Friday, June 5, 2009

Management will call shots at GM, not government: Obama

The U.S. government will be a hands-off owner of its stake in a revamped General Motors, says U.S. President Barack Obama.

He made the comments Monday after the automaker filed for bankruptcy protection.

Under the bankruptcy filing, the U.S. Treasury gets 60.8 per cent of the common equity of the new, revamped GM.

The Canadian and Ontario governments will take an 11.7 per cent stake in GM, and a United Auto Workers trust for health-care expenses would get 17.5 per cent, according to the reports.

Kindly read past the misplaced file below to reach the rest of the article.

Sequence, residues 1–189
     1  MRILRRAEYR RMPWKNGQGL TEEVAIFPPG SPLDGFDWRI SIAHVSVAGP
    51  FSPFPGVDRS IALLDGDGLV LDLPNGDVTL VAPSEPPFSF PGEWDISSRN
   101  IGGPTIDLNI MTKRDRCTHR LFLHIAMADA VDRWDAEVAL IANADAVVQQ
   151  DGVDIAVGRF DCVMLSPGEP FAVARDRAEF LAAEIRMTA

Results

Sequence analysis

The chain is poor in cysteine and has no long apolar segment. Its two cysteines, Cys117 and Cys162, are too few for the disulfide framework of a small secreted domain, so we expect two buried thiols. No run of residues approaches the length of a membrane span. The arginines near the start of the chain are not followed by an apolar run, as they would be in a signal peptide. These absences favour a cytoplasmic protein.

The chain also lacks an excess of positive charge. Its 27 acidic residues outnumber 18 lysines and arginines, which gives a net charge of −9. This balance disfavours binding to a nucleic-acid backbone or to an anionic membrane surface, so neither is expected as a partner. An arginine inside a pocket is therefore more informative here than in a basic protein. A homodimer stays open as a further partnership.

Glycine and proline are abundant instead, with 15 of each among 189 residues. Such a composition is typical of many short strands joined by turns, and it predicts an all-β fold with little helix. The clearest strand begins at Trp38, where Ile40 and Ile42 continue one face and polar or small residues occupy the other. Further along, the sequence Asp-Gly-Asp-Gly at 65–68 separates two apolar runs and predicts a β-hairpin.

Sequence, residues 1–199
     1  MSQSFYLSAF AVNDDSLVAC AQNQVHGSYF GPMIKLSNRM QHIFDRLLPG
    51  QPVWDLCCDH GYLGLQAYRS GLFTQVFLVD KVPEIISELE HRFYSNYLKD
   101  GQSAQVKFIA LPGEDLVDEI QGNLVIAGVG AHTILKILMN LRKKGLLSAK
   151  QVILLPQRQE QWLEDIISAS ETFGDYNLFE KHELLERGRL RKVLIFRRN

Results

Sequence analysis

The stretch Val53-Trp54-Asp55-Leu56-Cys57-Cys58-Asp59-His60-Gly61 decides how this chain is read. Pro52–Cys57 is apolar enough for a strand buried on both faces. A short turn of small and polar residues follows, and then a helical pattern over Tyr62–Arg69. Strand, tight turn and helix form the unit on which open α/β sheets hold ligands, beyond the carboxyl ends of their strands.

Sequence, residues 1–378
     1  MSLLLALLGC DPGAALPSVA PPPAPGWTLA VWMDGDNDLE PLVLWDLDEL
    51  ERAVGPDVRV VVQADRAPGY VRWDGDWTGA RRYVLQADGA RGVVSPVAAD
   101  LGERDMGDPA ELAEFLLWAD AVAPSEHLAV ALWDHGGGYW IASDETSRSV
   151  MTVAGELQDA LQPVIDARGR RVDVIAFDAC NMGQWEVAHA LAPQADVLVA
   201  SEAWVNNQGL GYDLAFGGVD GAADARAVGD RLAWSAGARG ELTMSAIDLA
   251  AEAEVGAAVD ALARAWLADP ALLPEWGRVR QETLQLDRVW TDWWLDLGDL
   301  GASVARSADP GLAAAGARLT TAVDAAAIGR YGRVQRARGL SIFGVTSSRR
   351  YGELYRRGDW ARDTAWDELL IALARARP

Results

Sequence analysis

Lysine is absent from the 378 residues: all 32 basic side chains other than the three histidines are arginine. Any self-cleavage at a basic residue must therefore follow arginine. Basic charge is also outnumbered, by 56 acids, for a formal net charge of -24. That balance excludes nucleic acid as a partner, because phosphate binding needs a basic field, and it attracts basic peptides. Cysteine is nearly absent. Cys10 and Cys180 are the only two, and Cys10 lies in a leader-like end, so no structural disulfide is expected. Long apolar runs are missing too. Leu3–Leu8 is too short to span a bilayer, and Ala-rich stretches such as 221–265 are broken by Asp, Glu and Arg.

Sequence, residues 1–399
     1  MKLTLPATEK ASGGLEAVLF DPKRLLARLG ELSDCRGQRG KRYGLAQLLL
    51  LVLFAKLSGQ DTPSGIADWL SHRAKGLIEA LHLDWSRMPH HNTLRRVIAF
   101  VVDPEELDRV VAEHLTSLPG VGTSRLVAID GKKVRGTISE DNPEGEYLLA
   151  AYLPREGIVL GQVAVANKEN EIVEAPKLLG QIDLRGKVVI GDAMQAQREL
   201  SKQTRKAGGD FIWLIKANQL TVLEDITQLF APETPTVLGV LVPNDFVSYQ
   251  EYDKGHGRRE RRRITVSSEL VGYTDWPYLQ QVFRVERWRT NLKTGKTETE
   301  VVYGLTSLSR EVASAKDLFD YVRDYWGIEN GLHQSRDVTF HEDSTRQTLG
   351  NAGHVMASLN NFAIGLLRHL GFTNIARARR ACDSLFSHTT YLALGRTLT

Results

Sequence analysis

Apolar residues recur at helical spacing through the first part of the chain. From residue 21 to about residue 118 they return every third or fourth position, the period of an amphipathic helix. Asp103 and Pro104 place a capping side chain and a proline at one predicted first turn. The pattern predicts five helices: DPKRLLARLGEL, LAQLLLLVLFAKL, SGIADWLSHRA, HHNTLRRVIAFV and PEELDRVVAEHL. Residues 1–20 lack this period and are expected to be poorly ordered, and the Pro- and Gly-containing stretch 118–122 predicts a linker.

Bondholders would receive a 10 per cent stake with the possibility of increasing their share to 25 per cent.

The U.S. government will pump about $30 billion US into GM, on top of the roughly $20 billion is has already contributed.

"We are acting as reluctant shareholders because that is the only way to help GM succeed," Obama said during a White House news conference.

Obama said GM will be run by a private board of directors and management team

He said management, and not the government, will call the shots and make the decisions about how to turn the company around.

"The federal government will refrain from exercising its rights as a shareholder in all but the most fundamental corporate decisions. When a difficult decision has to be made on matters like where to open a new plant or what type of new car to make, the new GM, not the United States government, will make that decision," he said.